Newt Gingrich speaks at a March 2 rally in Savannah, Ga. He has said he must win his home state's Super Tuesday primary next week.
Newt Gingrich speaks at a March 2 rally in Savannah, Ga. He has said he must win his home state's Super Tuesday primary next week. AFP/AFP/Getty Images
Newt Gingrich relishes tweaking "establishment types" who last summer declared his presidential campaign dead, only to watch as he rode feisty debate performances to a surge in the polls and a win in South Carolina's GOP primary.
"In June and July, they said my campaign is dead," Gingrich, former U.S. House speaker, said during a campaign stop this week in Georgia. He's pinning his latest attempt at resurrection on that state's Super Tuesday primary.
"One of them actually compared me to Bruce Willis in Sixth Sense and said, 'He's the only guy left in the room who doesn't know he's dead,'" Gingrich said. The former speaker got a laugh with his reference to M. Night Shyamalan's 1999 movie in which a boy communicates with people who, indeed, don't know they're dead.
But Gingrich's late-year bump in national and state polls has mostly evaporated. His financial savior, casino magnate Sheldon Adelson, may have given the last of many millions to the Gingrich-friendly "Winning Our Future" superPAC.
And the GOP race feels more and more like it has moved on from Gingrich, and narrowed to a two-man race between Mitt Romney and Rick Santorum.
Gingrich's "I'm still alive" crusade rests on the results Tuesday in his home state of Georgia, the only state where he leads in the polls.
With it cache of 76 delegates, the most to be awarded among Tuesday's 10 GOP presidential contests, Georgia is Gingrich's imperative. Whether it salvages his mercurial candidacy is far less certain.
No Winner Take All
New Republican Party rules that have served to lengthen the presidential nominating contest may be more complicated in Georgia than anywhere else. And very conducive to spreading the delegate love.
Here's how Georgia's 76 delegates will be allotted based on Tuesday's vote: Forty-two will be awarded based on who finishes first and second in each of the state's 13 congressional districts. Each district has three delegates to award; two will be given to the candidate finishing first in the district, and one to the second-place finisher.
But, wait: If a candidate gets more than 50 percent of the vote within a district, he'll get all three delegates.
There's more: Thirty-one delegates will be awarded proportionally to candidates based on the statewide vote. But — and this probably will affect only Ron Paul — a candidate has to get at least 20 percent of the vote to be eligible for a proportional delegate award.
Finally, an additional three delegates will go to the candidate who wins the statewide vote.
Strong In Georgia, And Then?
Polls in Georgia over the past few weeks have shown support for Gingrich holding fairly steady. Santorum has spent time in the state, and Romney dispatched his wife, Ann, to campaign there.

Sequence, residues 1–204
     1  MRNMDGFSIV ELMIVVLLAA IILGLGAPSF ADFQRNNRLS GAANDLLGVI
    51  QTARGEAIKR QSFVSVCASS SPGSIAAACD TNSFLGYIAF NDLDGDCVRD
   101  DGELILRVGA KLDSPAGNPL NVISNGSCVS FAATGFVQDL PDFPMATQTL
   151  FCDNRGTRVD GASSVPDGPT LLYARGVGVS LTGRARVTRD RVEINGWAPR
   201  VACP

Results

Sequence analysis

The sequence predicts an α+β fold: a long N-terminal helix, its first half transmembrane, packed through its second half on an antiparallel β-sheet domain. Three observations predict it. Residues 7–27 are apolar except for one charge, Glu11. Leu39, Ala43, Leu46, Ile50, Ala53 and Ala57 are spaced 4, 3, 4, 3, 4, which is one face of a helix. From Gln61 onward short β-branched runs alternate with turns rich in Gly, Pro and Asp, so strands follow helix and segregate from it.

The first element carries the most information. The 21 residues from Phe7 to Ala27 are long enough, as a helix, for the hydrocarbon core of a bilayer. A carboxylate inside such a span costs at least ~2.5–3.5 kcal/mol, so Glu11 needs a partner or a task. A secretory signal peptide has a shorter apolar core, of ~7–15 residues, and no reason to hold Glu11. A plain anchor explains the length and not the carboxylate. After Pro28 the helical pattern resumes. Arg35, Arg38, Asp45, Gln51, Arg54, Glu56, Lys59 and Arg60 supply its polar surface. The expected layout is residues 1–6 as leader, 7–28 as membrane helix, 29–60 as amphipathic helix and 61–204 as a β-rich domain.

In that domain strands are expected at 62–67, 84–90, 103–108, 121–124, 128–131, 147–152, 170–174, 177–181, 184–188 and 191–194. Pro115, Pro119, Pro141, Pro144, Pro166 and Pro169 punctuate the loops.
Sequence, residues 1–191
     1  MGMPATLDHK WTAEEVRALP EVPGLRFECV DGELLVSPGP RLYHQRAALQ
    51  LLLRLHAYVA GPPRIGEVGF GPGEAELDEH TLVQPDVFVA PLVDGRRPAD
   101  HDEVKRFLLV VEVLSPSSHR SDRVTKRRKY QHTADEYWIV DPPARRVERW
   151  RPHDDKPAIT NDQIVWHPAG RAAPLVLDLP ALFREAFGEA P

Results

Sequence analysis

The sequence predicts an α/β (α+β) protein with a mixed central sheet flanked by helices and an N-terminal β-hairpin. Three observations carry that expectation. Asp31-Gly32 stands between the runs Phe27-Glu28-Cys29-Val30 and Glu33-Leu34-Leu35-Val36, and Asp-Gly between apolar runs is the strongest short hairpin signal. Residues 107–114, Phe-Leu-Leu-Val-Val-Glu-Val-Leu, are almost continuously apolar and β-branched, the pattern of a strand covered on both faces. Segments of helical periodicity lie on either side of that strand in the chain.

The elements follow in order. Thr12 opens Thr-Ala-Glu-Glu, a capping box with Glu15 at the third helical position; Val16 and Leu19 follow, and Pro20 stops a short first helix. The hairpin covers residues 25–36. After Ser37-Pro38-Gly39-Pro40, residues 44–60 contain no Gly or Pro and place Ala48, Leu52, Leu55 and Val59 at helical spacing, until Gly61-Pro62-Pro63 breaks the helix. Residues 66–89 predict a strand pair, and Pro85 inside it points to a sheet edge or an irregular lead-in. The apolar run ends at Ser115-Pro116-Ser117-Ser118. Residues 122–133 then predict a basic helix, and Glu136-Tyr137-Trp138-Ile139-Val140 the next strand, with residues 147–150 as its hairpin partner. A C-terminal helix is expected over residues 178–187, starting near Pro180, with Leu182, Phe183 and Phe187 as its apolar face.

Though Santorum in recent weeks had looked to be making inroads, his strength has weakened, and he and Romney are in a tight battle for second place and a share of Georgia's delegates.
Say Gingrich wins the popular vote statewide, and, just for argument's sake, finishes first in every district. He could capture more than 40 delegates, and then go where?
Santorum, a vocal social conservative, has upended Gingrich's post-Super Tuesday Southern strategy that runs through Mississippi, Alabama and Oklahoma. Evidence of Santorum's strength in those states can be found in the recent Federal Election Commission filings of the pro-Romney superPAC "Restore our Future."
It has already sunk more than $680,989 into anti-Santorum media buys and direct mail in Mississippi, and another $1.29 million in Alabama, also targeting Santorum, according to an analysis of FEC data by NPR's S.V. Dáte.
By ignoring Gingrich, the pro-Romney superPAC certainly could help the Georgia native's prospects in those states, but it is also a comment on the larger scope of the race for the nomination. Gingrich doesn't matter, Romney's superPAC is saying — taking out Santorum does.
NPR's analysis of FEC records shows that in Georgia, all of the media buys from the pro-Gingrich superPAC, Winning Our Future, have been positive ads about the candidate, and have not targeted Santorum or his other opponents.
In Oklahoma and Tennessee, however, the Gingrich campaign has unleashed a Santorum-bashing robocall that characterized the former Pennsylvania senator as a friend to big unions while he served in Washington.
In Oklahoma, polls show Gingrich and Romney trading off second and third, and both trailing Santorum badly.
A Movable Message
As he moves to contests in the religious South, Gingrich has moved his message, some say inexplicably, to energy, promises of $2.50-a-dollar gasoline and amorphous aphorisms about vision and bolder vision and visionaries.
"We have two fine candidates who aren't visionaries," Gingrich said during a Georgia campaign event. "One runs around saying he's a manager, the other one goes around saying he's essentially a very fine, traditional big government union conservative."
Gingrich referred to President Obama as a "hard-line left winger" who opposes drilling for oil, and to himself as someone with a bolder vision than his GOP adversaries.
The candidate's desultory speech the night of his poor showing in the Michigan and Arizona primaries this week was long, puzzling and dominated by an account of a youthful attempt to cut down a tree.
But, then again, when his campaign was first declared DOA, he was on a cruise in Greece, and defending lavish spending on jewels from Tiffany for his wife, Callista.
Just how many lives this Gingrich campaign has may look much clearer by the end of the night Tuesday.